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Sunday, November 01, 2009

Up to half of all doctoral students in English drop out before getting their degrees (something that appears to be the case in doctoral education generally), and only about half of the rest end up with the jobs they entered graduate school to get—that is, tenured professorships. Over the three decades since the branch was grabbed, a kind of protective shell has grown up around this process, a culture of “realism,” in which exogenous constraints are internalized, and the very conditions that make doctoral education problematic are turned into elements of that education. Students are told from the very start, almost from the minute they apply to graduate school, that they are effectively entering a lottery. This has to have an effect on professional self-conception.
There comes a time in every scholar's life where they turn their attention to what is wrong with graduate education today. This month is Louis Menand's turn, and the surprise is that the resulting article is not half bad, mostly because Menand eschews the cranky "We must teach the good books!" trope in favor of insights that seem, perhaps, to have been lifted unattributed from Marc Bousquet's How the University Works (reviewed by me here, Bousquet's blog here):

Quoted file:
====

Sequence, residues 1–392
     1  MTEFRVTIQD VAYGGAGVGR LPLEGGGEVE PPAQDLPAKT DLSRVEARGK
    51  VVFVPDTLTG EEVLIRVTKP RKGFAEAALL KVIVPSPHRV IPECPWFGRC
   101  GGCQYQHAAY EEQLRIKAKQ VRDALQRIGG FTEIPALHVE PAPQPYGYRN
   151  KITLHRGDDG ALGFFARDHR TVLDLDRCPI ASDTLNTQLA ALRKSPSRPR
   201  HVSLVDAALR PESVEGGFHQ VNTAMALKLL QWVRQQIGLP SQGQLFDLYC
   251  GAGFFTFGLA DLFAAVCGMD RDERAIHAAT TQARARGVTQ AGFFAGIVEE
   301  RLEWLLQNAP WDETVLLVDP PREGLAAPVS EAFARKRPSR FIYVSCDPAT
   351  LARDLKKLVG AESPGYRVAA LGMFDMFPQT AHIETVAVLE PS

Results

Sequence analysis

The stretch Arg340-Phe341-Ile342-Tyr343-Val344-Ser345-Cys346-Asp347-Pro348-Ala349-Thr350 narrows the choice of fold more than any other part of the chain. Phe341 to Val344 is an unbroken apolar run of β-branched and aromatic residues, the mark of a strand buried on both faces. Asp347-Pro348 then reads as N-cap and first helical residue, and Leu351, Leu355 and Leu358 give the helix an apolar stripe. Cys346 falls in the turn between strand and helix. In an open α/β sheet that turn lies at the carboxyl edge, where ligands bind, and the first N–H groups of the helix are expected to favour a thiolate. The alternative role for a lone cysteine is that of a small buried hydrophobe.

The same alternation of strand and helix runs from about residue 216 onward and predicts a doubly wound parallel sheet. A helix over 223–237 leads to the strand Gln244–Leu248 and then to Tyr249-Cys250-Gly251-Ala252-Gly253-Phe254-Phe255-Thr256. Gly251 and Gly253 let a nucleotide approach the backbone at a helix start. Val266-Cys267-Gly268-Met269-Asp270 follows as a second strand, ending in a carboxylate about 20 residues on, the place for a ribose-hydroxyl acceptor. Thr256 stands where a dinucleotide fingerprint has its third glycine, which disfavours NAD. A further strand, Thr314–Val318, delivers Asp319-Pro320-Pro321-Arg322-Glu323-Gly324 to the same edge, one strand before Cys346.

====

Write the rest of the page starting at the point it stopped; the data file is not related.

One pressure on universities to reduce radically the time-to-degree is simple humanitarianism. Lives are warped because of the length and uncertainty of the doctoral education process. Many people drop in and drop out and then drop in again; a large proportion of students never finish; and some people have to retool at relatively advanced ages. Put in less personal terms, there is a huge social inefficiency in taking people of high intelligence and devoting resources to training them in programs that half will never complete and for jobs that most will not get. Unfortunately, there is an institutional efficiency, which is that graduate students constitute a cheap labor force. There are not even search costs involved in appointing a graduate student to teach. The system works well from the institutional point of view not when it is producing Ph.D.s, but when it is producing ABDs. It is mainly ABDs who run sections for lecture courses and often offer courses of their own. The longer students remain in graduate school, the more people are available to staff undergraduate classes. Of course, overproduction of Ph.D.s also creates a buyer’s advantage in the market for academic labor. These circumstances explain the graduate-student union movement that has been going on in higher education since the mid 1990s.
Some additional discussion, but mostly mockery of English majors, here.